Only suggested blue and white as it is a contrast to blue and murray but as Allan says blue and murray plus warwick red for yorkist and blue/white and red/black would be sensible combinations

Posted: Tue Jun 03, 2008 8:24 am
by Allan Harley
So for any enterprising trader/costume maker with off cuts - here is your chance

Plain sash £8-£10? Badged £15?

Any takers

Posted: Tue Jun 03, 2008 8:38 am
by Nigel
More like £20 with an applique badge matey

we were planning on having some at tewks

Posted: Tue Jun 03, 2008 12:11 pm
by Jackie Phillips
Certainly happy to do plain ones for that price, can do most colours reasonably quickly.

I may even be able to organise machine embroidered badges too, but would need a little longer to arrange.

Jackie

Posted: Tue Jun 03, 2008 1:01 pm
by Colin Middleton
We've experimented with machine embroidered badges and I think there were problems with them pulling when hit by swords. Applied badges with a little embroided detail are probably more appropriate for the field.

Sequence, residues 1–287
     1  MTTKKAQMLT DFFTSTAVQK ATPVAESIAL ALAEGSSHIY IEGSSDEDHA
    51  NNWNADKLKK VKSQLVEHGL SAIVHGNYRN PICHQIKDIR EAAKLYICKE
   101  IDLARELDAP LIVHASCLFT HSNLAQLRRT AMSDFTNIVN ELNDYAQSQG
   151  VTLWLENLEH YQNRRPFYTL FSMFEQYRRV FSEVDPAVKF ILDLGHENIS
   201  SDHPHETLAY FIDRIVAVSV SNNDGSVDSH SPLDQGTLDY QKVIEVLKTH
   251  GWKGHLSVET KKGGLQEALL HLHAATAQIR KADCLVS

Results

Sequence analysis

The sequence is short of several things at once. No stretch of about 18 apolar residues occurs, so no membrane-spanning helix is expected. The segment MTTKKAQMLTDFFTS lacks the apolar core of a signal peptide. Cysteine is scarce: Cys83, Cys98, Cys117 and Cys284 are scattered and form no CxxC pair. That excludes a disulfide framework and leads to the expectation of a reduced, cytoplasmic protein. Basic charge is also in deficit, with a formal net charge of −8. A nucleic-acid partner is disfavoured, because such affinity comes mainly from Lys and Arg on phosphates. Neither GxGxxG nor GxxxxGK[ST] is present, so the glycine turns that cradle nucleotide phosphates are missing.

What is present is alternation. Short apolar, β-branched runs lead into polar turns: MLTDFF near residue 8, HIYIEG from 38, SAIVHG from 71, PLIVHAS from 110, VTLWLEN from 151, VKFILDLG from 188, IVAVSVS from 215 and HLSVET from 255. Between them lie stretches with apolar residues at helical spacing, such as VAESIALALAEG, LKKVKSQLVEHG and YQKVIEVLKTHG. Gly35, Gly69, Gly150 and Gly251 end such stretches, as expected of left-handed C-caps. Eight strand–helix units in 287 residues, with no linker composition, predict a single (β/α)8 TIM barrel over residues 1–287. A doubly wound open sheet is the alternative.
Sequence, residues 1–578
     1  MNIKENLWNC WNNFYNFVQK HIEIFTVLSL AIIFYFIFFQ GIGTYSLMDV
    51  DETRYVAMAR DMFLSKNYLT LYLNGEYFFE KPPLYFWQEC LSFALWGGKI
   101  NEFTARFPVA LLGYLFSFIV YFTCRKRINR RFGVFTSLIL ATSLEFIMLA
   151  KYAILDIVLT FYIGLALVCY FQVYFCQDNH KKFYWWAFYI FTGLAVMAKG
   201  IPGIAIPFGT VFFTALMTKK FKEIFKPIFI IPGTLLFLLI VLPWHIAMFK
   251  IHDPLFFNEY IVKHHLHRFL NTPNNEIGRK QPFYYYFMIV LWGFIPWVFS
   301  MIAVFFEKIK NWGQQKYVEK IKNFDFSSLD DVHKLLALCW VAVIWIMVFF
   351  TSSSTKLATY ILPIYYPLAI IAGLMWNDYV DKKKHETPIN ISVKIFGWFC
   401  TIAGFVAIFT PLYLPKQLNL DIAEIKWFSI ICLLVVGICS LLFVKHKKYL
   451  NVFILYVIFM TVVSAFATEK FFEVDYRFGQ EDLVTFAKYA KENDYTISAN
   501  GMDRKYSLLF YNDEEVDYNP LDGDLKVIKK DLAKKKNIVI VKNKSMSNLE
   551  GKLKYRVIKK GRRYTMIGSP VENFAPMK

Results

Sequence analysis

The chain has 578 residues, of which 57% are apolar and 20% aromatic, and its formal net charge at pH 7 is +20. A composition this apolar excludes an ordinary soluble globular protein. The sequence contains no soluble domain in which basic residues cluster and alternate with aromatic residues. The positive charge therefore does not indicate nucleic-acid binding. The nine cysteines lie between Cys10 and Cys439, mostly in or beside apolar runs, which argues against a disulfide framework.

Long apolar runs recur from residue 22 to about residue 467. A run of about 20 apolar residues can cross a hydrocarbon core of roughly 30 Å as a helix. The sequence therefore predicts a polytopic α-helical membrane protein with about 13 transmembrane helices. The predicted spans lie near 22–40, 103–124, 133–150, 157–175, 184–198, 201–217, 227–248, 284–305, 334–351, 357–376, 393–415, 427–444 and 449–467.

Ghost wrote:

Do we introduce the thorny topic of wearing livery colours appropriate to the principle commanders at the actual battle rather than the group you may be in so as to provide the crowd with easier recognition of, using a sporting analogy "teams" ?


Was this done? I know that for small battles, the great lords handed out their colours to everyone, but AFAIK things like Tewkesbury, each great lord had his men in his own colours and (possible) issued a bend or badge to wear over them, showing the overall commander. Am I wrong in this?

Posted: Tue Jun 03, 2008 2:26 pm
by Fox
There is evidence for house coloured garments, a "livery", and also for simpler markings such as bends, badges, sashes, whatever you want to call them.